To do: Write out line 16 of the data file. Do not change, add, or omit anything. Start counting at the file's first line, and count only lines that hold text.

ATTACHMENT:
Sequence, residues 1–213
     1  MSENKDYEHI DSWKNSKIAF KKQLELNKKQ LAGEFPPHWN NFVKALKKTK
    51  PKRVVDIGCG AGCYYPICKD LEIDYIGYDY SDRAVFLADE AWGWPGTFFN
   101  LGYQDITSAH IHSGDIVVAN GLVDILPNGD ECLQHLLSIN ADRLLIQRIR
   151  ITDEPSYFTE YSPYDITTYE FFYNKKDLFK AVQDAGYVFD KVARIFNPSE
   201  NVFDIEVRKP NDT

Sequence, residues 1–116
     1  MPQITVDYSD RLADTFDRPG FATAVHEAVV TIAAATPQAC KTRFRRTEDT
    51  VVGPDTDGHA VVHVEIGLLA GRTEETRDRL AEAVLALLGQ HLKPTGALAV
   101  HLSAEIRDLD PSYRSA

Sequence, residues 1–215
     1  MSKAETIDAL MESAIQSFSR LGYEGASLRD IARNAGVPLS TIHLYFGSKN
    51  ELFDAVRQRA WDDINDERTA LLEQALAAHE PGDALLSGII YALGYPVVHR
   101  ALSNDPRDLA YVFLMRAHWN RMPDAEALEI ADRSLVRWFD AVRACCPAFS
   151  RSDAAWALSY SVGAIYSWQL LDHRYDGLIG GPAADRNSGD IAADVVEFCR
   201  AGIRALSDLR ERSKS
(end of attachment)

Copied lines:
   201  AGIRALSDLR ERSKS